The Bottle itself.  Notice the paint splatters.

The Bottle itself. Notice the paint splatters.

Until recently, I thought the idea of coming across a treasure map was the stuff of legends.  But the other day an email arrived in my inbox entitled and attached within — a treasure map!

In addition to landmark clues, the treasure map we received contained a helpful message, Treasure buried under large rock. Good luck treasure hunters. Wooooo oooo ooo.”  Honestly, look for yourself:

Not a precise map as there are now two horses in the field and nine chickens in the yard.  But, aren't these maps supposed to have cryptic clues?

Not a precise map as there are now two horses in the field and nine chickens in the yard. But, aren’t these maps supposed to have cryptic clues?

Feeling a little like Nancy Drew, I suggested to Roger we head out in the dark in search of this missing treasure.  We donned our wellies and fleeces, grabbed flashlights and invited our faithful hound, Sam, to join in the hunt.  We committed the map to memory and headed out into the dark.  No self-respecting treasure hunt would be complete without ample atmosphere and we had it in spades.  The clouds obscuring the moon made for an eerie glow and the surrounding mist mostly ate the light from our flashlights.  We took each step with care across the rocky and boggy path indicated on our map.  To add to this atmosphere, a Tawny Owl hooted in the distance as if cueing a spectral ghost, or more to the buried treasure plot, an evildoer hell-bent on stealing our map and thus the buried treasure, to appear and lead us to our doom.

At the end of the trail, we located the large rock, moved it aside and unearthed a cylindrical container swathed in plastic.  Inside was the bottle of Rose.  What is one person’s hidden treasure is another person’s discovered poison.  Now, we await the return of those who entombed their valued goods, securing the memory of its location with a well-drawn map.  We are prepared to happily return this Rose to its rightful owners.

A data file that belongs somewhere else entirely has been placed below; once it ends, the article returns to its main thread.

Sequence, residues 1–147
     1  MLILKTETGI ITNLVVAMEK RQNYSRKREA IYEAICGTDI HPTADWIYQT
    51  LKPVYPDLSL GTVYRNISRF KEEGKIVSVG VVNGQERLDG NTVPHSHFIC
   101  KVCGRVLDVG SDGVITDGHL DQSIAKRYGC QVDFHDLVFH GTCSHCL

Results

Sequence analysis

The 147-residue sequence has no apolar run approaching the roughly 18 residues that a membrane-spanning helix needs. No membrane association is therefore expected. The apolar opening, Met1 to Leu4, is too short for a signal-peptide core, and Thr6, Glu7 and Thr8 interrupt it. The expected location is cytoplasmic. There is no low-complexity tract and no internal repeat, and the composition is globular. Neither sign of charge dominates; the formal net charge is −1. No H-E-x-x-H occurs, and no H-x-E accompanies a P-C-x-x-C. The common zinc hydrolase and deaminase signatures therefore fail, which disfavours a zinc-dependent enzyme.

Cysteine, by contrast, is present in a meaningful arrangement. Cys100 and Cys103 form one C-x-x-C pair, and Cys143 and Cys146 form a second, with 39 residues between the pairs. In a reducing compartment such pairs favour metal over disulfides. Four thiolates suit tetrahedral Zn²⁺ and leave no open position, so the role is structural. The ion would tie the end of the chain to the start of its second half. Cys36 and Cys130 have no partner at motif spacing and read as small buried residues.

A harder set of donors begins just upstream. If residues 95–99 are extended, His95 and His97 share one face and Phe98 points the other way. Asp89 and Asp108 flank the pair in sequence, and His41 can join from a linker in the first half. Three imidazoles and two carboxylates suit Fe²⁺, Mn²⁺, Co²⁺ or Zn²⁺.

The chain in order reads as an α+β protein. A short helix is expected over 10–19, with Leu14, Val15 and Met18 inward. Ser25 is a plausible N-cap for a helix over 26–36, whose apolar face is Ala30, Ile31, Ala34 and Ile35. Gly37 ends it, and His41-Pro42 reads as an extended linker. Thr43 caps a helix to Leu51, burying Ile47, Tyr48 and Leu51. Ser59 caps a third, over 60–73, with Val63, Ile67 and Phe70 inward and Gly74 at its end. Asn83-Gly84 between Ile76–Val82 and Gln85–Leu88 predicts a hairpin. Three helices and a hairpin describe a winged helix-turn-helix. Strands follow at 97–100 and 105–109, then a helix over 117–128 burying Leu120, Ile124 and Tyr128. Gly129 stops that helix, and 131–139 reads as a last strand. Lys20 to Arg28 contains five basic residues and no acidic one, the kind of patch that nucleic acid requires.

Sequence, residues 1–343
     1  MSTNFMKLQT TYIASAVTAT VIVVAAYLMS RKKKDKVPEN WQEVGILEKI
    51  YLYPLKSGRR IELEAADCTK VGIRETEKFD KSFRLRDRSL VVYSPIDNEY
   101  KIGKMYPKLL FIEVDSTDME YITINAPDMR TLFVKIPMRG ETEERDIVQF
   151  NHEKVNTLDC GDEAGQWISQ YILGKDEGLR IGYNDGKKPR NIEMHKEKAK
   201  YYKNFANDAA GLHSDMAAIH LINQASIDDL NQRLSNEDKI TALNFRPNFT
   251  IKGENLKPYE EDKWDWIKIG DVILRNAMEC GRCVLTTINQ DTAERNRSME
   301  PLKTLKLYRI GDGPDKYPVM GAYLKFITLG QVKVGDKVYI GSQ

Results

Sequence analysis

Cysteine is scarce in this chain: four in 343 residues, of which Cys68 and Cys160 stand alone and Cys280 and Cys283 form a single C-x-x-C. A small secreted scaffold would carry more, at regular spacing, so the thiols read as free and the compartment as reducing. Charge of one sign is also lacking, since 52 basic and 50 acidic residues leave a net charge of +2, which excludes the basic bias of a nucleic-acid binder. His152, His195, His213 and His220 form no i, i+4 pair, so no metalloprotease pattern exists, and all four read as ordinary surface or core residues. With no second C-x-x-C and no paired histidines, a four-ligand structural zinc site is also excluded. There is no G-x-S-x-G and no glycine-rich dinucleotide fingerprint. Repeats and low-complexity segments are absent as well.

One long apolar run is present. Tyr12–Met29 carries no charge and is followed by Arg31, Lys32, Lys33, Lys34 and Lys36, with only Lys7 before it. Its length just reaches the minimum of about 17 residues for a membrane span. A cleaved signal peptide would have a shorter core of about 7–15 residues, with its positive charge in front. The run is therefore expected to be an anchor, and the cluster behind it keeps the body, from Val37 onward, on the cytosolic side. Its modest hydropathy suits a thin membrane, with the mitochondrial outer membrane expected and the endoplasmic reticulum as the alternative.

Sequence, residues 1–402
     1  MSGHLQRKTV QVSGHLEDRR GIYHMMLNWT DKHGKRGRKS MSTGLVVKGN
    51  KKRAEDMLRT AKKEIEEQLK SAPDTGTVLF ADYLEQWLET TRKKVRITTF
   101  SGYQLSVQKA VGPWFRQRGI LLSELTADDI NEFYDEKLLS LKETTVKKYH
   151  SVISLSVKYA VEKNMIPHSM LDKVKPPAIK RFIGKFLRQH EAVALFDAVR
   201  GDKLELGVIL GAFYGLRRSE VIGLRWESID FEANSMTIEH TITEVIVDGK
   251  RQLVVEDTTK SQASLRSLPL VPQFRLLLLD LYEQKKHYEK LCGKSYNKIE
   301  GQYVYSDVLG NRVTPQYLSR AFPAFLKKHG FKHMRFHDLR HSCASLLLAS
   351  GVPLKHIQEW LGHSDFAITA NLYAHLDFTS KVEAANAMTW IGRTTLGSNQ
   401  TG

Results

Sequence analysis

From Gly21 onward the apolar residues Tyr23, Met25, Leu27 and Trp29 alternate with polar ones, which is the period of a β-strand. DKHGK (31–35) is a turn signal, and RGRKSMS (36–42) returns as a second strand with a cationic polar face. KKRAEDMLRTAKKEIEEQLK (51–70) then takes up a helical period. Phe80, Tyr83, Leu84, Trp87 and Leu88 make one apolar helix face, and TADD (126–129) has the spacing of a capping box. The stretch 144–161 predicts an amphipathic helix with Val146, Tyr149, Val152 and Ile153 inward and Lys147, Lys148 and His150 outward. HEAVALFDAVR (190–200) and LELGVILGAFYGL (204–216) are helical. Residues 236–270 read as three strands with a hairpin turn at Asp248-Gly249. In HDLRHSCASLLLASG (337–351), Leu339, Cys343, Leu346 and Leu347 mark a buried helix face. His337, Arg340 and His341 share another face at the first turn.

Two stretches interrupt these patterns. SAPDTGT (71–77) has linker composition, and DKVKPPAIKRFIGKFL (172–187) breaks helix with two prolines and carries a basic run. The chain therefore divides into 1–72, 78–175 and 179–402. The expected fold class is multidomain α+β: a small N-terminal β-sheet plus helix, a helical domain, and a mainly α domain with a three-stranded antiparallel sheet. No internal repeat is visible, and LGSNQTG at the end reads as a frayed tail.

The pirate who will return to collect her buried loot.

The pirate who will return to collect her buried loot.


16 comments on “Treasure Island. A Different Tale.

  1. Lol, that really did cheer me up on this cold morning 🙂

  2. Pat says:

    Absolutely loved this post, Catherine! Reminded me so much of my group of friends regifting a small Christmas box of food (processed cheese, sausage and nuts). It went across the pond a couple of times, out to California, to Connecticut, Maryland…..and inside the box was a history of its travels. Hilarious!! I see a book in your future with all these anecdotes and photos!

  3. Veronica says:

    Partner and I used to joke that we should put a mark on bottles of rose that turned up at our parties and that we subsequently took along to other parties in the bit of Manchester that we lived in before moving to Lincolnshire. Like ringing birds, to see where it turned up! Guess some of them travel quite a way before actually being drunk.
    Started following your blog a while back but only had a good look around today. We made the leap nearly a year ago – not to the middle of nowhere, just a village on the edge of the Lincolnshire fens. Partner struggling a bit as would have been quite happy staying in Manchester, but I was going stir crazy so here we are… I shall come back and read more another day.

    • Thanks Veronica and I think that is an excellent idea to mark the bottles of unwanted wine which appear….and then track their travels! Good luck on your adventures, too. Big changes, a few challenges, but mostly we are having a great time with what we are taking on. I’ll look forward to following your tales, too.

  4. Joanne Levitan says:

    What a delightful post and a lovely tradition.

  5. Very enjoyable. Rip-roaring, even… a sort of alcohol-fuelled extension of the traditional Dartmoor pastime of Letterboxing… Maybe call it “Gallochaching”. RH

  6. We need to drop one of our aitches, Catherine – it may be important to be able to spell Gallocaching in future, if it catches on…

  7. ghost says:


  8. Ann Dawney says:

    Come on Catherine – just drink it!